Families Give Up Shopping for 'Buy Nothing' Christmas

Group helps people exchange presents for little or no money.

— -- Shopping and the holiday season seem to go hand in hand, but one group is trying to show people another option with the "Buy Nothing" Christmas.

The project is part of the grassroots "Buy Nothing" project, which aims to connect people who either can’t afford or don’t want to buy new presents.

Molly Hodges said she joined the group after hearing about it from a friend and thought she could help give away some unneeded baby items.

“There are a lot of people who don’t have a ton of money to spend," she told ABC News. "It takes a big dent out of the wallet.”

Hodges said she originally hoped to give away unneeded items taking up space in her house, such as an extra treadmill and baby clothes. But when she decided to stay home with her 1-year-old daughter, she started to use the group to help people get in the Christmas spirits without breaking the bank.

She estimated she normally spent between $500 to $1,000 on Christmas but spent just $50 this year.

The “Buy Nothing” project started small on Bainbridge Island, Washington, but has now grown to nine countries with 80,000 members, according to the project’s website.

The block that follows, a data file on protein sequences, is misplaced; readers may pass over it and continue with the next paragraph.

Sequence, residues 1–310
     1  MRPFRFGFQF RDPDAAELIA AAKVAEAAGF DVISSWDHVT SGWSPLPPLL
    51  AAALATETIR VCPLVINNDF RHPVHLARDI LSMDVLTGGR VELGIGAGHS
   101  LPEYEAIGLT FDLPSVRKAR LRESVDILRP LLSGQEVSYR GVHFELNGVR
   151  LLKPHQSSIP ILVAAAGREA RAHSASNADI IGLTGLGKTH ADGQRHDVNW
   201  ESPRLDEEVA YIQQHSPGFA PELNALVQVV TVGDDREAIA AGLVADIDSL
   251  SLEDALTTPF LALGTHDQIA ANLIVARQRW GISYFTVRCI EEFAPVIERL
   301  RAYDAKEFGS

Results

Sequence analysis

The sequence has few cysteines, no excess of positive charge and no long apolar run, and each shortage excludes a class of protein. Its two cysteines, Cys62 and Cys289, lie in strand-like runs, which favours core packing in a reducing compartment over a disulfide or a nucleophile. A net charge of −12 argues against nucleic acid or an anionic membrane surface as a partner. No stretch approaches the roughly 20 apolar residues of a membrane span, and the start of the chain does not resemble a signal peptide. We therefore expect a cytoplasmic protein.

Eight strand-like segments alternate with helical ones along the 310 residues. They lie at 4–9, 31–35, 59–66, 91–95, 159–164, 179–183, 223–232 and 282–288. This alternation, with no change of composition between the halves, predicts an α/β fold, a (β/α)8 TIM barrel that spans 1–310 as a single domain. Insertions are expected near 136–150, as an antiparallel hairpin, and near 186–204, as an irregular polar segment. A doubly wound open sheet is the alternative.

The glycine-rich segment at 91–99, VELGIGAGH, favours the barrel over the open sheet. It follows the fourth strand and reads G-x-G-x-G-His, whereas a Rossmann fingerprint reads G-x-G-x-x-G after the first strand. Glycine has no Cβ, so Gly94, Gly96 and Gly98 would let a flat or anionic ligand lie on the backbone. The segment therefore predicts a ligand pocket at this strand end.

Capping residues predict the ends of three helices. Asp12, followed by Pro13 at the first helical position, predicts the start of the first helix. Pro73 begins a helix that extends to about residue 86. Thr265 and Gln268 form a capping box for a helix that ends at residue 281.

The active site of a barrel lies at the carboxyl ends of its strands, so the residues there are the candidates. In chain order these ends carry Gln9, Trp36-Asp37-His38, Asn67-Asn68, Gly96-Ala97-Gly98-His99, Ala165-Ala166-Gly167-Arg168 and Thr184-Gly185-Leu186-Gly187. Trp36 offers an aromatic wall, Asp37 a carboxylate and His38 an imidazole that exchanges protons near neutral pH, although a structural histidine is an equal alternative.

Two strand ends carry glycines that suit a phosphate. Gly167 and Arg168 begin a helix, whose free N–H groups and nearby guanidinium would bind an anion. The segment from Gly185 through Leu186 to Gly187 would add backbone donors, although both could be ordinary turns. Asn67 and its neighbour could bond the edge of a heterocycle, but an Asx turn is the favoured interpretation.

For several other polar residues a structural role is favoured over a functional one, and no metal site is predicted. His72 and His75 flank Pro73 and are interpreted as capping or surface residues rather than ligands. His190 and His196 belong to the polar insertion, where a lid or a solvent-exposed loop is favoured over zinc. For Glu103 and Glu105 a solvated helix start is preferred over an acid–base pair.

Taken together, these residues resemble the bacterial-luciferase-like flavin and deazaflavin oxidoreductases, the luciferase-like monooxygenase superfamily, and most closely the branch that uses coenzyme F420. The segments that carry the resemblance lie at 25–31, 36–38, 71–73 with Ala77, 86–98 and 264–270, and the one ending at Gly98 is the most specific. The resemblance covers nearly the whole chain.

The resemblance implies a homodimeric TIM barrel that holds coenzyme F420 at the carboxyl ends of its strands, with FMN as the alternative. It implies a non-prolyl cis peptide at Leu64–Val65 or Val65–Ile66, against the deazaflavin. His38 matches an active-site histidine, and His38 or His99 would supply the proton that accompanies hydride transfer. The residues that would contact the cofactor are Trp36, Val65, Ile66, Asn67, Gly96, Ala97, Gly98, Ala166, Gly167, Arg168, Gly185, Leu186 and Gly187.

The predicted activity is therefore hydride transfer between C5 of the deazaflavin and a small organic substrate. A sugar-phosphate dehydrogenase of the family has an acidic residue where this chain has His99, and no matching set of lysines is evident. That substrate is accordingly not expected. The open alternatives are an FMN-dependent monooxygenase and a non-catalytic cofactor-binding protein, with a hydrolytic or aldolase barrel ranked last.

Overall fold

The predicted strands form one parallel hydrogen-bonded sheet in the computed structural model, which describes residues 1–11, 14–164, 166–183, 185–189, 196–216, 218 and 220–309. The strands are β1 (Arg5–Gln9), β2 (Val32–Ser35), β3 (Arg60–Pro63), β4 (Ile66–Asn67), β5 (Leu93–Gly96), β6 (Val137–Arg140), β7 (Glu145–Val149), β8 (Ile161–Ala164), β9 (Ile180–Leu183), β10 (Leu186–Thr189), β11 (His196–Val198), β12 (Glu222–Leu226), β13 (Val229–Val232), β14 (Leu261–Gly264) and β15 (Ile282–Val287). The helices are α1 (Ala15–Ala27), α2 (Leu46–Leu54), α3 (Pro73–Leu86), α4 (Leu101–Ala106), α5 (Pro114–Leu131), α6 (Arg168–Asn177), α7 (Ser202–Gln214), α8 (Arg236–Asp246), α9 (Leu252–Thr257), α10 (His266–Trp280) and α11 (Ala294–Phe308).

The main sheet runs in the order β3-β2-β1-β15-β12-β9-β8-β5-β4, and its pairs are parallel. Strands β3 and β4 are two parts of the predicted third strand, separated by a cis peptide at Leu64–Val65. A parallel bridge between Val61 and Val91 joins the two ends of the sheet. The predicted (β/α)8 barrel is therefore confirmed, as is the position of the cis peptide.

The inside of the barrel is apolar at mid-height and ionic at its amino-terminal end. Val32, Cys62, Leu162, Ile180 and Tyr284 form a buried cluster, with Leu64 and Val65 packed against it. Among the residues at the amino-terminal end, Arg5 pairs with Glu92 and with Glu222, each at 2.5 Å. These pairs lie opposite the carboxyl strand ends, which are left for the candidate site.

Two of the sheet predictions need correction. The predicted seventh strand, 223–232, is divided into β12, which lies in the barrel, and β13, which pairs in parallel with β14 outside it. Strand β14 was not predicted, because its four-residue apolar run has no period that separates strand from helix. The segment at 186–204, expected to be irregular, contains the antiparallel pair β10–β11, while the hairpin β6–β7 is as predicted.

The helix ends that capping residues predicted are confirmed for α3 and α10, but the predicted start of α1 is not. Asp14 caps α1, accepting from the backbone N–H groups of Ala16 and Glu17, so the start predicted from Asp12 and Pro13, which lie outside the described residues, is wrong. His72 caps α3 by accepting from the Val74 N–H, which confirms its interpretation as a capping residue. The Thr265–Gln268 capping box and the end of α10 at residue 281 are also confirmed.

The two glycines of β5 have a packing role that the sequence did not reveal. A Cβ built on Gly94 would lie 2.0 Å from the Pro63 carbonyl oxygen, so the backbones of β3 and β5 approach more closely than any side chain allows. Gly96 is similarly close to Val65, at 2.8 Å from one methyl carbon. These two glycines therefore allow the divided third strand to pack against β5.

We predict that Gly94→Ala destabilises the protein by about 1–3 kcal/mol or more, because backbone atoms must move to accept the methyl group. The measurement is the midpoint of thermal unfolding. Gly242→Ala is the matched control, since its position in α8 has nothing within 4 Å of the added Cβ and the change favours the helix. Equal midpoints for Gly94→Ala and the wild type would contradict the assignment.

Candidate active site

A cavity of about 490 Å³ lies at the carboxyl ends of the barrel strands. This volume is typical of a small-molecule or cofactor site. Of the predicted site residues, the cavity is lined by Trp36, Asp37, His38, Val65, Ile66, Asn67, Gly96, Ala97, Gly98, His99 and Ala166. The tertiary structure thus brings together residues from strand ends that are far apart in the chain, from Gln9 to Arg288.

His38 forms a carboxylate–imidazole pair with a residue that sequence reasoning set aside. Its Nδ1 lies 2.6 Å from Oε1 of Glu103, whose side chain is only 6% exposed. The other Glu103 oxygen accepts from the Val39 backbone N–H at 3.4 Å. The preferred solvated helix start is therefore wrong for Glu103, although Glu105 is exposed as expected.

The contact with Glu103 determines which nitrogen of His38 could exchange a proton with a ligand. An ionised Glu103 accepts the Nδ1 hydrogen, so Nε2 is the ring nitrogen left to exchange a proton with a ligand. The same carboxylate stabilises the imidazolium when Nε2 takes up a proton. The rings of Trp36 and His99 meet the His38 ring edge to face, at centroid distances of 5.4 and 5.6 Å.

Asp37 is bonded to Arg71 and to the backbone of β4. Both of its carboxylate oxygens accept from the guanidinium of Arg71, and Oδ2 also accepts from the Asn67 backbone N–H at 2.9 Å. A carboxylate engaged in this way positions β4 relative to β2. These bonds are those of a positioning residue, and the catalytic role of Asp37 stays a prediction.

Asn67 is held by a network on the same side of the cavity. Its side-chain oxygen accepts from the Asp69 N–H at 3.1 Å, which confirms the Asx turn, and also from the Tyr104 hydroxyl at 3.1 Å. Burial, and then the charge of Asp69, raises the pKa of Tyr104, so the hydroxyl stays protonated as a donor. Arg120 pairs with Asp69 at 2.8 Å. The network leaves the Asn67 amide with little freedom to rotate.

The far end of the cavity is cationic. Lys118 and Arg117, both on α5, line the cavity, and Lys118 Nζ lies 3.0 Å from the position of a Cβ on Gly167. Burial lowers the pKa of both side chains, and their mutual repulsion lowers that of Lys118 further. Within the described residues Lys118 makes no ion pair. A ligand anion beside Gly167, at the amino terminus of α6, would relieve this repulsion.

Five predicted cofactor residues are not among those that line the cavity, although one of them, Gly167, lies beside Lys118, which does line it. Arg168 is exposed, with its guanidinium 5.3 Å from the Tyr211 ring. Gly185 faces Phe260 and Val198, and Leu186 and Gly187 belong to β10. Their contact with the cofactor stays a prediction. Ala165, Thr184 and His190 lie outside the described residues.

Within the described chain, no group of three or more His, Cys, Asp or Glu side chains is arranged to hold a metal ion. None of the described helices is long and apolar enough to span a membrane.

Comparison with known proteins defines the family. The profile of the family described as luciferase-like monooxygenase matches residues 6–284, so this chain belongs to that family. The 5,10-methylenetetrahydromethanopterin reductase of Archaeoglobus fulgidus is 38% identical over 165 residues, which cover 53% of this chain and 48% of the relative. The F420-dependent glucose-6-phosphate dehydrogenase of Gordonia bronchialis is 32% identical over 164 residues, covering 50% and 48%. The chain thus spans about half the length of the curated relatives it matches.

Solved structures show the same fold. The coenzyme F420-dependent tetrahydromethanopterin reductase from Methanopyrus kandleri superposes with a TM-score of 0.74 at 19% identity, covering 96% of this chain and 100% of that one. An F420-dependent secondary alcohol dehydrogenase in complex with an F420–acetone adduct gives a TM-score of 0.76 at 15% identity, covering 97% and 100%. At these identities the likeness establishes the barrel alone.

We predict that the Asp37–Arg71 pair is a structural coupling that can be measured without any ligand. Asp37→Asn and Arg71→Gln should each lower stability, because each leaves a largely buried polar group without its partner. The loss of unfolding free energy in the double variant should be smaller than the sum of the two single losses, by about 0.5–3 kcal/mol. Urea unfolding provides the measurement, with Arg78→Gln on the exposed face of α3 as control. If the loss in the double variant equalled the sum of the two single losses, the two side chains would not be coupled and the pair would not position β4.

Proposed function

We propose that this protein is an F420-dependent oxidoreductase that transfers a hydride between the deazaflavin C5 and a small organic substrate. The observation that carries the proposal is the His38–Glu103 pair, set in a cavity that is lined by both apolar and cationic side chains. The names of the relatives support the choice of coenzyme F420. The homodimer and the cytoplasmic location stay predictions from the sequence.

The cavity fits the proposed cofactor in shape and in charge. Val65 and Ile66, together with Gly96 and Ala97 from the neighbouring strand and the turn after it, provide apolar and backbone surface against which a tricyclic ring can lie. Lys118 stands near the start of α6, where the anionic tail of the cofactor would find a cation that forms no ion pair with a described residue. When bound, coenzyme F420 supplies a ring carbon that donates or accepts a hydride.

Each “Buy Nothing” group centers around a specific neighborhood and people can join by simply giving the administrators their address. In Hodge’s group centered in Ballard, Washington, there are over 700 members, according to the Facebook page. Members can either post an item they’re willing to give up or a post an item they’re looking for.

Hodges said she was able to get a digital camera for her teenage daughter and plenty of stocking stuffers for her daughter’s friend who was also coming for the holiday.

“I didn’t have any money and I found out I had an extra teenager for Christmas,” she said. “[I posted] I need stocking stuffers, stat.”

She said people immediately responded with items they were willing to give away, including a scarf and earrings.

“We’re all willing to come to each other’s rescue if we can,” Hodges said.